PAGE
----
"He won't read it," Andrew said quietly.  "He doesn't want any chance for salvation."

"Let me go."

Percy shook his head.  "Absolutely not.  The streets are no place for a young woman."

"I'll put on trousers.  And leave my hair up.  Jeremiah can even escort me."

"Jeremiah can escort you where?"

Everyone looked towards the tall Englishman who had just entered, and Andrew spoke.

"Lucy needs an escort to Chauvelin's apartments."

"Percy?" Wallescourt turned to their leader.

He paused, lost in thought, before speaking.  "Fine.  Jeremiah will escort you to the Citizen.  I don't want you in those apartments for long, Lucy.  We don't know if the Guard will be watching Chauvelin.  The three of you will go then to the rooms on Mouffetard.  Andrew and I will be there, waiting.  You'll have to change out of that gown."

She rose from the chair.  "The trunks are still in the bedchamber?"

"Dress warmly," Andrew said softly, as his sister left the room.

* * * * * * *

When the sun showed its first edge over the distant horizon, Chauvelin was still standing at his window, gazing out at the sleeping city below.

The tea had gone cold long ago, but he still clutched the cup tightly.  In this way he hung on to the barest shreds of reality, remained a part of the world around him; without it, he would fly off into the empty space of insanity, so deep that nothing--save one voice--could ever bring him back again.

That one voice had been silenced some hours ago, by the cruel, harsh sound of a pistol.  Her own brother’s pistol, too; which made the silence doubly cruel.

The pain throbbed in his heart constantly--not a steady pain, which he could have bore, but a pain which came and subsided only to come again sharper than before.  He was like a man haunted; sometimes one, sometimes the other, and--worst of all--other times both of those he loved seemed to be attacking him, stabbing at his heart, tearing him apart from the inside out.

Lucy.  Sophie.  Lucy.  Sophie.  Memories of his beloved wife and his darling child came and went, torturing him with their vividness, their startling semblance of reality.  He could almost see Lucy standing before him, holding the daughter he would never again see; he could practically hear her impassioned rebukes, her tender pleas . . . the child’s mournful cry for her father . . .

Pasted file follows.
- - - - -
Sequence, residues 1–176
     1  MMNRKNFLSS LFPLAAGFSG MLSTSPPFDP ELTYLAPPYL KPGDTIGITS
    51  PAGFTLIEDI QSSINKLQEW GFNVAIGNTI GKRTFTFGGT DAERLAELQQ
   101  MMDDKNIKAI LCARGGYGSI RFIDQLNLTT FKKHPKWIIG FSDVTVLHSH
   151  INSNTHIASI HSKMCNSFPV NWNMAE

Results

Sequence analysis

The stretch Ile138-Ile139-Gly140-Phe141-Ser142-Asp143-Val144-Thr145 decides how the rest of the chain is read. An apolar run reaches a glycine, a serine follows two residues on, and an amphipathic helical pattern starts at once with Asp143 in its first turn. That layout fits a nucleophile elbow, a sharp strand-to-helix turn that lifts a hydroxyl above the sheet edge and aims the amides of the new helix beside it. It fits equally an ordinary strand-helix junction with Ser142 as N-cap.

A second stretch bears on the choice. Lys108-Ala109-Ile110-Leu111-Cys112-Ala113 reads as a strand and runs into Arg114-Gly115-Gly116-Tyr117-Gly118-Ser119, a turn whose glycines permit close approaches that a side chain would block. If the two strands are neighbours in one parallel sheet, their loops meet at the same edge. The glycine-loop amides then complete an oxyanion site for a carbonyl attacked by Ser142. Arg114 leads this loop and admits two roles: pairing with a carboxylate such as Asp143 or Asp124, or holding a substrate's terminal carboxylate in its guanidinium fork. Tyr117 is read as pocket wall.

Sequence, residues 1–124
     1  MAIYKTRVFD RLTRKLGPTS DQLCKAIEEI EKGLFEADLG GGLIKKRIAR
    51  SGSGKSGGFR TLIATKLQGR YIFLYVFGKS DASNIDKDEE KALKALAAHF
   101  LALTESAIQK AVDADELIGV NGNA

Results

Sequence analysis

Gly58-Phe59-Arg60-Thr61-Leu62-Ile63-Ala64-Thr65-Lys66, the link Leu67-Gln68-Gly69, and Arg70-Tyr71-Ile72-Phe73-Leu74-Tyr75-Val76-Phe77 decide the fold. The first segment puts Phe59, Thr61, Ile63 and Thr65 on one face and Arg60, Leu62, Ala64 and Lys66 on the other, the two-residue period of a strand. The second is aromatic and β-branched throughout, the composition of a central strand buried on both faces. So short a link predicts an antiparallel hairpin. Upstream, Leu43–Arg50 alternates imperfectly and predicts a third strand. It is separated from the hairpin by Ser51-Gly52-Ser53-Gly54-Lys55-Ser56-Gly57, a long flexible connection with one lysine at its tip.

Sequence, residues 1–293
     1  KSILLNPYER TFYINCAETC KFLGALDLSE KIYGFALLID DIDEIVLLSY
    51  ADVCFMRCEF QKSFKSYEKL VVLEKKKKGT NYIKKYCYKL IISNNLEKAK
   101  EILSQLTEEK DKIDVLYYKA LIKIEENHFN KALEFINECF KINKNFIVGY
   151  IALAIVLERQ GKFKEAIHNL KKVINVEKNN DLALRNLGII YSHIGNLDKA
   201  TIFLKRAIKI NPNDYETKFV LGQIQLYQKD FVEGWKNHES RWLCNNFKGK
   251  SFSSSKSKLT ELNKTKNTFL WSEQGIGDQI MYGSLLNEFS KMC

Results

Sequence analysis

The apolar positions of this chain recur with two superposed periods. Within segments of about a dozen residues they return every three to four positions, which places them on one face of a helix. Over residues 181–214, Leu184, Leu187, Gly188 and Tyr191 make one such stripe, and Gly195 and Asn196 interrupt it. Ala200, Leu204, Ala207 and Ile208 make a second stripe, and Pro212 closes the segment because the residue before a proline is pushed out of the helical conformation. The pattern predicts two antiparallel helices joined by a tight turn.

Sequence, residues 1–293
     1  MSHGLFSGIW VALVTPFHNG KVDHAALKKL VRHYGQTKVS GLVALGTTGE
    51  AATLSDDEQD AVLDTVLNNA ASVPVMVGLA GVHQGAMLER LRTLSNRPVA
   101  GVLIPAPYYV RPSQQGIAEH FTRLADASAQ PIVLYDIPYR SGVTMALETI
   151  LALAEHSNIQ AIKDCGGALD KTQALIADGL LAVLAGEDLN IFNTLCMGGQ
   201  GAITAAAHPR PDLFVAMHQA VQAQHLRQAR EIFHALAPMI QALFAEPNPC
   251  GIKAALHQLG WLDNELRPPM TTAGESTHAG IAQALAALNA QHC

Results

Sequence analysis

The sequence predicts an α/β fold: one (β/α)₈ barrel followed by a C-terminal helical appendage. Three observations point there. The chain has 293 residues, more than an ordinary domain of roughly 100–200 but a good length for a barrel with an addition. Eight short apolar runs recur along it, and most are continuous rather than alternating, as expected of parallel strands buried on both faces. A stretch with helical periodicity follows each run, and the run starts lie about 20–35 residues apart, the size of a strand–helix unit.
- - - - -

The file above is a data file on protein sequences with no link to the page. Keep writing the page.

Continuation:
No wonder he held the cup so tightly.

The long-awaited peremptory knock on the door offered him another foothold on reality; gratefully, he turned to face the expected call:

“In the name of the Republic!”

Silently he crossed the small room to welcome in his fate.  He did not speak as he opened the door; at times like this, words are seldom necessary.

Instead of soldiers, he saw only two men shrouded in the shadows, the taller of the two making his shorter companion seem almost dwarflike.  They were dressed as officials of the Republic of France--the tricolor sashes they wore painfully visible, mocking the former accredited agent.

They think I am too weak to fight arrest, he thought bitterly.  This time, they are right . . .

Without waiting for his invitation they marched into the apartments, as silent as he was, and the tall one shut the door.

And at that moment he was sure that he had lost the whole of his mind to grief; for the shorter of the two officials had turned to him with a tender, loving smile, and had spoken in her dear, silenced voice.

“My darling Armand . . . I’m here.”

What bliss is insanity!  As Chauvelin looked closer and closer at his captors’ faces with widened eyes, they began to look more and more familiar to him . . . the tall one, that was the one they had called Wallescourt . . . but he was not concerned with the taller at this moment.  It was the short one that captured his full attention . . . for that face was Lucy’s, he knew, not shot through with anguish and sorrow as it was the last time he saw it, but filled with joy and hope . . . and love.

As if in a dream, he opened his arms to her slowly, the wonder on his face growing brighter as he realized he was not insane at all . . . had he not seen stranger things than this when the Englishman was involved?  But none of those incidents had ever held such extreme joy . . .

“Lucy . . .”

And with a sob of pure happiness, she gladly fell into his arms, and he shed the tears of a redeemed soul--tears he could not hold back, and wouldn’t even if he could--for he no longer stood upon the dangerous brink of insanity and death.

The one he thought dead was alive, and she had pulled him back away from the danger and into her warm embrace.

He wasn’t ever going to let go of her.

“How can it be . . .” he murmured, pressing frantic kisses to her hair.  “We heard a gunshot . . .”

“Percy . . . he was there . . . a plan . . .”

“Yes.”  He chuckled at his own ignorance.  “Of course.  He always has some plan, doesn’t he?  I ought to have known.”  He tightened his hold on her fiercely, almost hurting her--but she didn’t cry out, for she was holding him as tightly.  “Don’t scare me like that anymore.  Do you know how much of myself I nearly lost, because I believed I would never hold you again?”

“No,” she murmured into his shoulder.  “Please don’t tell me . . . I don’t ever want to know.”

Sir Jeremiah Wallescourt, who had taken a great interest in the bedroom when they had come in, now emerged, clearing his throat softly.  “Lucy . . .”

She lifted her face regretfully.  “Yes.  I know.”  Smiling through her tears, she smoothed his hair back gently.  “Come, Armand.  Let’s go home.”